Ally Financial Inc, the U.S. auto lender that is majority-owned by the U.S. government, is working to repay $5.9 billion in preferred stock owned by the U.S. Treasury "in the near future," Chief Executive Officer Michael Carpenter said on Tuesday.
The preferred stock is part of the $17.2 billion that the government poured into Ally, the former auto lending arm of General Motors Co , during a series of crisis-era bailouts. Part of the investment was restructured into a 74 percent common equity stake.
After Ally reported a $1.44 billion fourth-quarter profit, Carpenter told analysts on a conference call that repaying the preferred stock involves talks with the Federal Reserve. The regulator wants to make sure that Ally and other large banks have enough capital to survive a severe economic downturn as part of annual stress tests that are now under way.
After the Treasury sells its remaining stock in automaker GM, Ally will be the largest remaining recipient of bailout dollars. As of February 15, Ally will have paid $5.9 billion to the government, including dividends.
In his bid to repay the Treasury, Carpenter is streamlining the company to focus on U.S. auto lending and Internet banking.
In May, Ally's Residential Capital mortgage unit filed for bankruptcy in an effort to wipe out liabilities from mortgage-backed securities sold to investors during the housing boom. Ally has also struck agreements to sell international operations, which are expected to bring in $9.2 billion in proceeds.
In a report last month, an internal Treasury watchdog said the agency did not have a concrete plan for getting its money back from Ally. The agency responded that it can either sell its stock or sell more Ally assets after the ResCap bankruptcy and the international sales are completed.
Earlier on Tuesday, Detroit-based Ally said fourth-quarter profit of $1.44 billion was helped by a $1.3 billion tax benefit. In the same period in 2011, it lost $206 million.
Ally said the results include a $46 million loss from ResCap, a $94 million pension expense and a $148 million charge related to an early repayment of debt.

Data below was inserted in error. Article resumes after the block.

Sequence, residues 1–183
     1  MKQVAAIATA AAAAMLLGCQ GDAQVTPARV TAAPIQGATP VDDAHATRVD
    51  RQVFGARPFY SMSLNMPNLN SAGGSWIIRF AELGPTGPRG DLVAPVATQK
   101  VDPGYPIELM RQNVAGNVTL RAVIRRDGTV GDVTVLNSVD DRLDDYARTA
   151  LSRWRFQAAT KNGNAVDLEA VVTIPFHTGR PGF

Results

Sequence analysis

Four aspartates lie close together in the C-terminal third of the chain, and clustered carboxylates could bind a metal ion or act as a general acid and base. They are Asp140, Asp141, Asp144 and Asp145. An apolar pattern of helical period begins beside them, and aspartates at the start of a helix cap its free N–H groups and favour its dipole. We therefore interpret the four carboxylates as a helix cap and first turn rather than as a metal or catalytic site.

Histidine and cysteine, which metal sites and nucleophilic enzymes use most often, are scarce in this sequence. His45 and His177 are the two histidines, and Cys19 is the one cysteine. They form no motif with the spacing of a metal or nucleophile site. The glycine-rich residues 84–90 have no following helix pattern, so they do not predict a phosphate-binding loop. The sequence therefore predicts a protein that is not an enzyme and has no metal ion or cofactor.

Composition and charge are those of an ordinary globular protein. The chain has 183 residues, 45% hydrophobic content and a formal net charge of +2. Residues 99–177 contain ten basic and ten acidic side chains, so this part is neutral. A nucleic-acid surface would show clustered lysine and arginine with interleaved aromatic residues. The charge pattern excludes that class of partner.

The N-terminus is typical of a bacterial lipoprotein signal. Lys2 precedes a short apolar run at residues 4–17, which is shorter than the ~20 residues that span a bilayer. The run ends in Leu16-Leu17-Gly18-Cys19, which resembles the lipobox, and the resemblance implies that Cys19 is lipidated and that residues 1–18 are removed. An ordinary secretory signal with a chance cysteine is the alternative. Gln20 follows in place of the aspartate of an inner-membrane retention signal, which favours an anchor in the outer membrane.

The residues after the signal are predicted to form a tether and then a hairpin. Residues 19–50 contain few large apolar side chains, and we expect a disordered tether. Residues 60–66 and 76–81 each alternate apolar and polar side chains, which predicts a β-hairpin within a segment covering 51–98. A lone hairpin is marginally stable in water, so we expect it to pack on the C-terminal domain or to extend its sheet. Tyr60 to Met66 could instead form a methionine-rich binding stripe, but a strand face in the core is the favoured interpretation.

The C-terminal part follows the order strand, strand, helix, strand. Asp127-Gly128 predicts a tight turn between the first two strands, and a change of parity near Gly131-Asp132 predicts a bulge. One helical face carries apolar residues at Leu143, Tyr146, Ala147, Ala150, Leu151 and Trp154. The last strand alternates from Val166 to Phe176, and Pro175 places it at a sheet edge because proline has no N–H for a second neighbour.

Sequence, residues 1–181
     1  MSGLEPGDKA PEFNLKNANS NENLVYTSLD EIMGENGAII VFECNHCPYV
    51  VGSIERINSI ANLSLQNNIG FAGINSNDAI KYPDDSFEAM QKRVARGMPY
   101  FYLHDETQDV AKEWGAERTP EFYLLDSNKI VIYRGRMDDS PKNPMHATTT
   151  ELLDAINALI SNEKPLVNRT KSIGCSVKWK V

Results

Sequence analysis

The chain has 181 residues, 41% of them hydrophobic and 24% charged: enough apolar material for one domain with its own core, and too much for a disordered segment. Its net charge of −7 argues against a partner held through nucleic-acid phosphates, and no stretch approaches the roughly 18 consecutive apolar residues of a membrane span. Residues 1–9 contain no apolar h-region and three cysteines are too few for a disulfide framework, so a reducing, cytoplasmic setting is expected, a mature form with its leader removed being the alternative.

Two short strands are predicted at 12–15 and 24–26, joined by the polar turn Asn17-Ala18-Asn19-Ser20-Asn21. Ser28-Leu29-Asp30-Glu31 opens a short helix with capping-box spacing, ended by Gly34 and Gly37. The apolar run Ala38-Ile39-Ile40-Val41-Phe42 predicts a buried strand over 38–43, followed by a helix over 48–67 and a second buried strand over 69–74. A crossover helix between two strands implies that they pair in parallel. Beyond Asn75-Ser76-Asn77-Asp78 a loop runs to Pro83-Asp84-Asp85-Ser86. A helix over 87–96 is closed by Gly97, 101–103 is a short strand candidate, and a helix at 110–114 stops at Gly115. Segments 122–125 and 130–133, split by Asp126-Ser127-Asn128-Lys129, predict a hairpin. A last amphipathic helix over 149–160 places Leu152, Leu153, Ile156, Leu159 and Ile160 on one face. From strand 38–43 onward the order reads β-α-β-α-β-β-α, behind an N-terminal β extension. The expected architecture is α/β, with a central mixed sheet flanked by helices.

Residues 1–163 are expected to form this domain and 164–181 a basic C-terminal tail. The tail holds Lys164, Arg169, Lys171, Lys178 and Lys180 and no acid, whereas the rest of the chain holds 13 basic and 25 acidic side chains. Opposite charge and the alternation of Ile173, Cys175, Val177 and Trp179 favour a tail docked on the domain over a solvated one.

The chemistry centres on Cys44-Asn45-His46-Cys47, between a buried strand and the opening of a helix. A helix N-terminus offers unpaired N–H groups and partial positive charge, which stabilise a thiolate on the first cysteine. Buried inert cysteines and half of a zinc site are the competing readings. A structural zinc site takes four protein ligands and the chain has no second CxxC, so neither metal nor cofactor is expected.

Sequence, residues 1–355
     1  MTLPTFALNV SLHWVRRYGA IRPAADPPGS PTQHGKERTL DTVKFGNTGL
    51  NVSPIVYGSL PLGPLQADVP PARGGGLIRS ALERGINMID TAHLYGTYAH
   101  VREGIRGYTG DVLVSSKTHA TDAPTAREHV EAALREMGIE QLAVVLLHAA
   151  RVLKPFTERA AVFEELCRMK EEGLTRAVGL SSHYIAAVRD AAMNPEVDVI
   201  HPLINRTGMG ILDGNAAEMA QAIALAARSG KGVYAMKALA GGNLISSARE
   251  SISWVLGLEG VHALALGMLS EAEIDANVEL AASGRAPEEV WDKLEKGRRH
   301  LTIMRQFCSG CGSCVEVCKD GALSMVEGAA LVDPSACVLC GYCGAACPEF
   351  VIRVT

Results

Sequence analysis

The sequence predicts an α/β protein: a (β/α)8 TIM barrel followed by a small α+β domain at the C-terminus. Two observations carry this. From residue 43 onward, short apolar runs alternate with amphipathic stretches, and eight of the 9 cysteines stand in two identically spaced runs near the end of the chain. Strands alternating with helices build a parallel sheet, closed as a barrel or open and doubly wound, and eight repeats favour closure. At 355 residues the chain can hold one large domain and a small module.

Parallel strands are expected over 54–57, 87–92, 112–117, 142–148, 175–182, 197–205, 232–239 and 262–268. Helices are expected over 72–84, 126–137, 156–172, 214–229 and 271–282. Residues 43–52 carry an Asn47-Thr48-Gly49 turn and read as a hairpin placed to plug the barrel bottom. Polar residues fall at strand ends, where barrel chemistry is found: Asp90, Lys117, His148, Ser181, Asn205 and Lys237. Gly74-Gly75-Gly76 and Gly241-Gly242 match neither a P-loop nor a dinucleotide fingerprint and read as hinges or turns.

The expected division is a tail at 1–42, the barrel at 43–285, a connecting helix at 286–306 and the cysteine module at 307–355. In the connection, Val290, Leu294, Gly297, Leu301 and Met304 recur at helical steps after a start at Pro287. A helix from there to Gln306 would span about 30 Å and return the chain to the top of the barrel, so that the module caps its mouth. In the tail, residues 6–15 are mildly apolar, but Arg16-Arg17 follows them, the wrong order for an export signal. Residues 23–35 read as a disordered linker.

Total revenue at Ally's North American automotive finance unit rose 30 percent to $371 million from a year earlier.
SETTLEMENT IN QUESTION
In a sign of increased tensions in ResCap's bankruptcy case, Carpenter said Ally could withdraw a $750 million settlement offer made to creditors last year.
As part of ResCap's bankruptcy filing in May 2012, Ally agreed to make the payment in exchange for a release of any possible claims against the company. But in a letter sent to Ally's board in November, some creditors said the settlement is much less than Ally's actual liability and that the lender could face damages for stripping assets from ResCap.
Ally is "extremely confident that such claims are completely without merit," Carpenter said. The lender hopes for a resolution in "the near term" but "if we have to go the litigation route, we will," he added.
In a letter sent to ResCap's board on Friday and obtained by Reuters, a group of creditors said there is "no support among the creditor constituencies" for the settlement "because the amount is far too low in comparison to the value of the claims that have been and may be asserted against Ally." The group asked the ResCap board to terminate the agreement.
A person close to the creditors said Ally should be paying "billions" to ResCap's creditors.
As part of the bankruptcy, ResCap reached agreements to sell mortgage operations and other assets to Ocwen Financial Corp , Walter Investment Management Corp and Berkshire Hathaway Inc
Ally's banking unit is also selling a portfolio of mortgage servicing rights, which Carpenter said has received interest from a number of bidders. Reuters reported last week that Ocwen was in the lead to purchase the portfolio of servicing rights.
(Reporting by Anil D'Silva and Tanya Agrawal in Bangalore and Rick Rothacker in Charlotte, N.C.; editing by Supriya Kurane and Matthew Lewis)